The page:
After an horrendously long delay I am finally back to writing. I have been back in Nairobi from Tanzania for more than a month now, but I have been taken up by a couple of major photography-related activities which have taken all my attention. I apologize for the late reporting from the three safaris we ran in the Southern Serengeti plains, in Tanzania, between end of January and early March. All three safaris have had extraordinary highlights and excellent photo opportunities but as usual, all three were absolutely different from one another.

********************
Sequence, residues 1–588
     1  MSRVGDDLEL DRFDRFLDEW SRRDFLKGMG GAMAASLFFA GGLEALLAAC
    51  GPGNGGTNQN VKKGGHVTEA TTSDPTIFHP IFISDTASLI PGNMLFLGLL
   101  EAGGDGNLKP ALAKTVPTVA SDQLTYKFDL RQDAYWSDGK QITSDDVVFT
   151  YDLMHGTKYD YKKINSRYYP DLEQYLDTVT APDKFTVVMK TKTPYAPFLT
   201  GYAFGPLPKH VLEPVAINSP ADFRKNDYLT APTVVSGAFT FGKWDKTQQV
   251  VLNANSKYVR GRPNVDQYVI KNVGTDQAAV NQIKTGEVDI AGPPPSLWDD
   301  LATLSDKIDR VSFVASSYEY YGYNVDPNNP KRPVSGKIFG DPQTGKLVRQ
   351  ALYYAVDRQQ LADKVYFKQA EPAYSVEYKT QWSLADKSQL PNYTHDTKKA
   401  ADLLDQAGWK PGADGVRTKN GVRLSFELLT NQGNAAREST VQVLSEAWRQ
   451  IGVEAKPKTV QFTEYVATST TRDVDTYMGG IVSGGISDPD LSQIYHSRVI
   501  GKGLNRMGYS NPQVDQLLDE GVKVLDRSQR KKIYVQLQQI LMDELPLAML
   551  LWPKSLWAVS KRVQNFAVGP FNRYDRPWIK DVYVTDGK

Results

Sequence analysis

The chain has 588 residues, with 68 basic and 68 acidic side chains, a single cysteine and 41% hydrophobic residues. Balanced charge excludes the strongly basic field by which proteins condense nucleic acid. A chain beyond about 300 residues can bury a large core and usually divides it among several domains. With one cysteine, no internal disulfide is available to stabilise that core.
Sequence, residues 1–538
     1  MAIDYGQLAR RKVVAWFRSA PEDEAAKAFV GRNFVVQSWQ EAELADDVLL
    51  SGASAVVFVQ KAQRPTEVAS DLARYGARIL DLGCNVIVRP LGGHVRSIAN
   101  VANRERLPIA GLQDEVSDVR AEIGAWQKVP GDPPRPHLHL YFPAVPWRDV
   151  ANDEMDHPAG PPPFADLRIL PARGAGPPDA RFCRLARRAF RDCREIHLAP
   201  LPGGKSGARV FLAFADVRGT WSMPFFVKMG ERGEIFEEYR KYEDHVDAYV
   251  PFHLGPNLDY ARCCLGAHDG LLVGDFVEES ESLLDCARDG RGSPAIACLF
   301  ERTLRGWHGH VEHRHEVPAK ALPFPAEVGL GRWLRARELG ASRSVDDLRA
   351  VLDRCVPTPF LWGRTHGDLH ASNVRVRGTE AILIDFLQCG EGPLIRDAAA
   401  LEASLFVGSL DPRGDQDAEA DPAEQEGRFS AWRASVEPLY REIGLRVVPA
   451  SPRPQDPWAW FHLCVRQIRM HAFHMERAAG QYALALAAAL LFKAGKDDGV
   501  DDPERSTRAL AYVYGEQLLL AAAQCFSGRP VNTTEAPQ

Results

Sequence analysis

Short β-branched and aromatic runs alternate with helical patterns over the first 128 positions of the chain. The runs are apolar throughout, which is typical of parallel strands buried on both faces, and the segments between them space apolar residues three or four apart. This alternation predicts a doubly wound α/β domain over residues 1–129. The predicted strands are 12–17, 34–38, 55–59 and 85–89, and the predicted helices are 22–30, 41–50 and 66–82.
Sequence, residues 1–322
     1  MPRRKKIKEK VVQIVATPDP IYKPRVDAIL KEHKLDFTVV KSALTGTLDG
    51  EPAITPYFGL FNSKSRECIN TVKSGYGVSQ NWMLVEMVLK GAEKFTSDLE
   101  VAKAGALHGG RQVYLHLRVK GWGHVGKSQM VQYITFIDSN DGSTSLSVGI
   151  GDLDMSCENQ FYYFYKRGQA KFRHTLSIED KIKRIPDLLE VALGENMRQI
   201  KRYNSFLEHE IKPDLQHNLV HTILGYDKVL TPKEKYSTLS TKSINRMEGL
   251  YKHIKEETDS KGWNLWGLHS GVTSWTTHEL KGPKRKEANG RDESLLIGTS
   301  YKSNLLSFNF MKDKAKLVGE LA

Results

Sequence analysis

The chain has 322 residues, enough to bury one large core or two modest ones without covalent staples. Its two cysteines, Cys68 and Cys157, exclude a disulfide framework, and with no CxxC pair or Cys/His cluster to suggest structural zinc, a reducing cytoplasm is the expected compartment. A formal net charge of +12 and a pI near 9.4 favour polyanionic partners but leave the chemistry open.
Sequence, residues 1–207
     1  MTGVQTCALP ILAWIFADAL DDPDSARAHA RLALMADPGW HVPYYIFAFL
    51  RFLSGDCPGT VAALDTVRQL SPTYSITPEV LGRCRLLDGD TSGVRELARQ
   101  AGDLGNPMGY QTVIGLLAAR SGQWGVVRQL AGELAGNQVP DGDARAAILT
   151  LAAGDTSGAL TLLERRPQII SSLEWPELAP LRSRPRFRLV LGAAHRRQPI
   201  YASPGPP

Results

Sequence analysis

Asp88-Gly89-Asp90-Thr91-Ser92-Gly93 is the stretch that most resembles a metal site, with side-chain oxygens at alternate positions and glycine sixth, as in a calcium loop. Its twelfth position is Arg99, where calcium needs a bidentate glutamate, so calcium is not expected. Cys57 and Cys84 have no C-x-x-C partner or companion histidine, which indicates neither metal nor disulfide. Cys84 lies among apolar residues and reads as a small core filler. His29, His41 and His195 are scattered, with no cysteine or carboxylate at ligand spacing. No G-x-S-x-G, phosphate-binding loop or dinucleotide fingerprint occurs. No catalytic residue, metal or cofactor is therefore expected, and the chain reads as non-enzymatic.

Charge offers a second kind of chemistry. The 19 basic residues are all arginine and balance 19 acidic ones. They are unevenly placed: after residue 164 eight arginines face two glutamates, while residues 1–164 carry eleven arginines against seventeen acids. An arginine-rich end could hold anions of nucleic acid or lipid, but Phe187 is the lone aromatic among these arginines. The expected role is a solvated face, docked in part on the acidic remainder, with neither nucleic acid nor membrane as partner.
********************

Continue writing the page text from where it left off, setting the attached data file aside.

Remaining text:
While the Southern Serengeti plains are beautiful at any time, during the wet months from November to March the presence of the migrating Wildebeests make a really stunning spectacle. Hundreds of thousands of calves are born within a few weeks in February, and this attracts intense predator activity.
On our first trip in late January, very few females had already given birth. Unfortunately, the early calves’ survival rates are very low, as they are targeted heavily by the hungry predators. One afternoon, a Lioness from the Big Marsh pride hunted the only calf in a herd of Wildebeest. The whole pride rushed in to feed but she wasn’t willing to share the small meal with the cubs and the other females.